Home Flora of Missouri
Name Search
!Rhynchospora capillacea Torr. Search in The Plant ListSearch in IPNISearch in Australian Plant Name IndexSearch in NYBG Virtual HerbariumSearch in Muséum national d'Histoire naturelleSearch in Type Specimen Register of the U.S. National HerbariumSearch in Virtual Herbaria AustriaSearch in JSTOR Plant ScienceSearch in SEINetSearch in African Plants Database at Geneva Botanical GardenSearch in Flora do Brasil 2020Search in Reflora - Virtual HerbariumSearch in Living Collections Decrease font Increase font Restore font

Published In: A Flora of the Northern and Middle Sections of the United States 1: 55–56. 1823. (Fl. N. Middle United States) Name publication detail

Project Name Data (Last Modified On 9/1/2009)
Acceptance : Accepted
Project Data     (Last Modified On 7/9/2009)
Status: Native


Export To PDF Export To Word

1. Rhynchospora capillacea Torr. (beaked rush)

Pl. 78 a–c; Map 299

Plants forming dense clumps, with slender, branched rhizomes. Aerial stems 10–40 cm long, very slender. Leaves basal and usually 1–2 on the lower portions of the aerial stems, the leaf blades 4–40 cm long, 0.2–0.4 mm wide, hairlike, the margins inrolled. Inflorescences of 1–2(–3) clusters of spikelets, less commonly with individual spikelets. Spikelets 5–7 mm long, lanceolate to narrowly elliptic in outline, pointed at the tip, with 1–5 of the florets fertile. Spikelet scales 3–4 mm long, elliptic to ovate with the midrib minutely extended past the pointed tip, reddish brown to dark brown. Perianth bristles 6, longer than the fruits, with downwardly pointing barbs. Fruits with the tubercle 0.8–1.6 mm long, narrowly triangular-attenuate, the main body 1.7–2.1 mm long, narrowly elliptic to narrowly obovate in outline, the surface patterned with fine, wavy, horizontal lines, sometimes appearing finely wrinkled, uniformly brown at maturity. 2n=26. June–September.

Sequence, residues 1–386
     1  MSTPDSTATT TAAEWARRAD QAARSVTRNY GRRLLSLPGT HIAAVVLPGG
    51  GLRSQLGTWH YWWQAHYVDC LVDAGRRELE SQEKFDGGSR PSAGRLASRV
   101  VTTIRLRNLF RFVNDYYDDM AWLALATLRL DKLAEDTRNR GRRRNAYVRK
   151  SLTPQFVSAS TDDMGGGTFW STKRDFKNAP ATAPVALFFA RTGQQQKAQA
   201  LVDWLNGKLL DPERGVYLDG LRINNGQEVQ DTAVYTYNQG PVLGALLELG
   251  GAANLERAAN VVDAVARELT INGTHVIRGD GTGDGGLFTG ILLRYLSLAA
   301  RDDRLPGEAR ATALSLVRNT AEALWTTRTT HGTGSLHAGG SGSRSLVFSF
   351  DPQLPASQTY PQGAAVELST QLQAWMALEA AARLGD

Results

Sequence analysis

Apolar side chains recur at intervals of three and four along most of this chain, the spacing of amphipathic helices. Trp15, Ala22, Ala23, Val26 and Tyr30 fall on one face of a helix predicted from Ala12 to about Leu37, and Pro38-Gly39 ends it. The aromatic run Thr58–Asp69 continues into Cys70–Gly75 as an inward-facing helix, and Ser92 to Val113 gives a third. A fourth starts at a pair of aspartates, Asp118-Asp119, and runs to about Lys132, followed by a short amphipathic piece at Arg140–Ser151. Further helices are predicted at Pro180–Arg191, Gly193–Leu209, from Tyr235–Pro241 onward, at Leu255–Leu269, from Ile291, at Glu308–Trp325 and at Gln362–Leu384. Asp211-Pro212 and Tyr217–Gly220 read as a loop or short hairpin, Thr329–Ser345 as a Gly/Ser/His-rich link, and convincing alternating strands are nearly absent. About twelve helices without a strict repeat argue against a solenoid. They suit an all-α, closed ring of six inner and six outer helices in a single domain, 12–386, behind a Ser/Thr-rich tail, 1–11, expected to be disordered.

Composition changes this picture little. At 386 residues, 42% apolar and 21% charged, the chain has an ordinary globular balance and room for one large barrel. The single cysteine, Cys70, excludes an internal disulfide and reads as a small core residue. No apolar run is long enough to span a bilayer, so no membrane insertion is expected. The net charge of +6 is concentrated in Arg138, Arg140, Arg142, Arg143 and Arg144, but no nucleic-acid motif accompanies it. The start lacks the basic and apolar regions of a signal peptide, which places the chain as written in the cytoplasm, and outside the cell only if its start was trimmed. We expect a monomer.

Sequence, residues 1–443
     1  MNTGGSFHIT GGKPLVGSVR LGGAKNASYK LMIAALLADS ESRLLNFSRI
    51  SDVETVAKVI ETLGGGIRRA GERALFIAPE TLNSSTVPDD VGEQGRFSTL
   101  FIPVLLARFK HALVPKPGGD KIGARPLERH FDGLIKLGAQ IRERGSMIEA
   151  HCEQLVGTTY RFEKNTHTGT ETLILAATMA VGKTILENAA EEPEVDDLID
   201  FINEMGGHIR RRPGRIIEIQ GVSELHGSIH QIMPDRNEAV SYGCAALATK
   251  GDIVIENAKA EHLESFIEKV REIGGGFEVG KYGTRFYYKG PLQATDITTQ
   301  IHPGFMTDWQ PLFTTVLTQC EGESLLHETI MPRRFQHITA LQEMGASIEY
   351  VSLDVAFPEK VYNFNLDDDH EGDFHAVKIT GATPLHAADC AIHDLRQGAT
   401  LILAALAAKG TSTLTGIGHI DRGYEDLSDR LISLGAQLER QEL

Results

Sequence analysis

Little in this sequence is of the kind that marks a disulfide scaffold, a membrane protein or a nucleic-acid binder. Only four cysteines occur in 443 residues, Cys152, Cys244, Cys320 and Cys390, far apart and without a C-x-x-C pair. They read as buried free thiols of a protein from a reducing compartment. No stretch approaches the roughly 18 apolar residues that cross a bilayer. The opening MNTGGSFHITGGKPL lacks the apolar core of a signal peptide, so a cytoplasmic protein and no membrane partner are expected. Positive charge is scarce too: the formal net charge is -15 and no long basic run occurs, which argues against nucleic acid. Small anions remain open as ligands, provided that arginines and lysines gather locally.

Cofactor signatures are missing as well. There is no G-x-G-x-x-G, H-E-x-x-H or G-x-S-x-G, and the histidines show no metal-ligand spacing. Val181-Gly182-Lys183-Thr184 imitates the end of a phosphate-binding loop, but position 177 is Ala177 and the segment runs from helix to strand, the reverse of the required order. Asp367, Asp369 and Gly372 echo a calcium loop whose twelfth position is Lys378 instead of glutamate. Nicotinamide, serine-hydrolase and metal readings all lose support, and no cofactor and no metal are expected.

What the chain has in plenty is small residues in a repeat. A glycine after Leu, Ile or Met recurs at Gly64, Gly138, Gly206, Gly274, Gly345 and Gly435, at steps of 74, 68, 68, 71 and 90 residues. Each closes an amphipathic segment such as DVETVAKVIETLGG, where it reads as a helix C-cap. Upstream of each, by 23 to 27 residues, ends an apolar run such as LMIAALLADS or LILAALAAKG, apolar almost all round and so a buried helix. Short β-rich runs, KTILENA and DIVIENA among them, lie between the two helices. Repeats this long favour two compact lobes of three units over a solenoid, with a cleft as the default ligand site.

Scattered in the Ozark and Ozark Border Divisions, mostly in the eastern half of the state (northeastern U.S. and adjacent Canada west to South Dakota and Missouri). Fens and calcareous seeps of rocky ledges of bluffs and stream banks.

This plant is a good indicator of calcareous seeps and fens. The slender stems and leaves make it easily overlooked in the field.



© 2018 Missouri Botanical Garden - 4344 Shaw Boulevard - Saint Louis, Missouri 63110